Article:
Most people have about 21 square feet of skin — and inside your skin is an entire world called the microbiome. This world includes many different types of bacteria, viruses and fungi. As you grow up, your immune system learns which microbes help keep you healthy, and which are infection-causing enemies. But sometimes that process goes wrong.
The immune system might mistakenly attack good bacteria in the skin, fail to fight off harmful bacteria, or keep attacking even when bad bacteria is gone. But few immunologists have studied how the immune system interacts with the skin microbiome, and why those processes go wrong.
Oliver Harrison, DPhil, joined BRI in 2019 to explore this new frontier. He’s part of a new generation of BRI scientists, taking our research in new directions. He has already made some key findings — including uncovering a mysterious type of T cell with a critical job — and he recently landed a $2.9 million NIH grant to propel this promising work.
“We still don't know a lot of basics about how the body responds to these microbes,” Dr. Harrison says. “First, we want to learn more about how those responses work. Then we can ask ‘does your immune system carry out processes that we didn’t know about?’ And, if so, can we learn how to speed them up to heal wounds or slow them down to curb autoimmunity?”
A T cell with a side job
Dr. Harrison’s team started this work aiming to better understand how the immune system interacts with bacteria in your skin. They wanted to learn more about how immune cells called commensal T cells know which bacteria to attack and which bacteria to leave alone.
Their findings opened up a new realm of understanding – and led to many new questions. In the past, scientists typically thought interactions between the immune system and any bacteria (good or bad) caused inflammation. The research team found that was true for bad bacteria – but not for good bacteria. When immune cells saw good bacteria, they acknowledged them, but did not cause inflammation.
“This is very striking and a lot different from the immune responses that we understand and have studied to date,” Dr. Harrison says. “This observation suggests that there are entirely distinct immune mechanisms and pathways for dealing with these good bacteria that we don’t yet understand. Learning more about this response to healthy bacteria can give scientists insight into how the immune system should respond and what goes wrong in disease.”
The research team also found that some commensal T cells had another job: In addition to recognizing bacteria, they help with healing.
“They have this moonlighting role where they turn on genes and proteins that help heal,” Dr. Harrison says. “That’s rare in immune cells and especially rare in T cells. This opens up a whole new avenue to explore how T cells sense their environment and adapt rapidly to deal with problems.”
Harnessing natural responses for good
Dr. Harrison will use his new grant to learn more about commensal-specific T cells in the skin, how they interact with bacteria and how they help your body heal. This could pave the way to answering key questions: How exactly do these cells fight off bad bacteria or promote healing? How can we fix these processes if they go wrong?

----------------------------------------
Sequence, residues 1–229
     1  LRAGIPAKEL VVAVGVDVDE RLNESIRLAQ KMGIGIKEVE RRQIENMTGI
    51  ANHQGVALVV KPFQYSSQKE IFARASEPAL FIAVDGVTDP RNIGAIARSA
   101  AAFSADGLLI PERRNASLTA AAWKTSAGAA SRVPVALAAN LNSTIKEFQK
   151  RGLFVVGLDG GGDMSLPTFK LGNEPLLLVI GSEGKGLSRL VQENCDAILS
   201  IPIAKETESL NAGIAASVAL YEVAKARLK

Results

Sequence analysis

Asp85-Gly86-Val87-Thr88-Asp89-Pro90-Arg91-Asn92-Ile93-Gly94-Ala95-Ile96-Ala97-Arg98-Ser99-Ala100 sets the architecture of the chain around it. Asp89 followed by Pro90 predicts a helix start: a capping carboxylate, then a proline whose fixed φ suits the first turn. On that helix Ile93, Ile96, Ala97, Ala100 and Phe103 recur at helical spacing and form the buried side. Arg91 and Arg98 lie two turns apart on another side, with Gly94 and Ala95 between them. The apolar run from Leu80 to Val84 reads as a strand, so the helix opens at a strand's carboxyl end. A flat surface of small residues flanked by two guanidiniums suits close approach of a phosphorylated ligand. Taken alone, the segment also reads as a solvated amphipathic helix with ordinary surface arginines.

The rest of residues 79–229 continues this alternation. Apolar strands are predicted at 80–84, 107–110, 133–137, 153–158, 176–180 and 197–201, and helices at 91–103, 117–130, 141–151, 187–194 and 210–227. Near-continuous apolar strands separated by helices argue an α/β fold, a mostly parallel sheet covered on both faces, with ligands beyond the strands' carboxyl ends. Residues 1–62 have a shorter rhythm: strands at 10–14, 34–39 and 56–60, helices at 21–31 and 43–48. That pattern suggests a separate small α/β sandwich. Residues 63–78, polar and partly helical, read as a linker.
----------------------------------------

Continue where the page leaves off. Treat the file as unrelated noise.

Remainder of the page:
“We basically want to understand these natural mechanisms that regulate the immune system and learn how to harness them for good,” Dr. Harrison says.
Down the road, this research could inform how to speed up or slow down the immune system in infection and disease. Doctors might want to speed up the immune system to heal things like diabetic foot ulcers or in settings like the military to treat serious wounds. Slowing down the immune response could be beneficial for conditions like atopic dermatitis, where the immune response is too strong, causing skin irritation.
“There’s always a balance,” Dr. Harrison says. “We want to slow the immune system down enough to stop atopic dermatitis, but not so much that it impairs the ability to heal wounds. Knowing more about how these responses are separately controlled might help us find the right balance.”
Dr. Harrison managed to make all of this progress despite the challenges of getting his new lab up and running in the time of COVID-19. Moving forward, he is excited to collaborate with other BRI scientists and grow his team. He plans to continue his explorations of the microbiome in the skin and also in the gut. He says there’s one silver lining of starting a lab during a pandemic.
“I’m really glad I’m doing it at BRI,” he says. “Throughout the pandemic, our scientists have stayed so committed to their work, often making big upheavals in their lives to make it come to fruition. The best thing about BRI is the people — the pandemic didn’t change that. I look forward to everyone being back in-person.”
April 16, 2021
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This blog does not provide medical advice, nor is it a substitute
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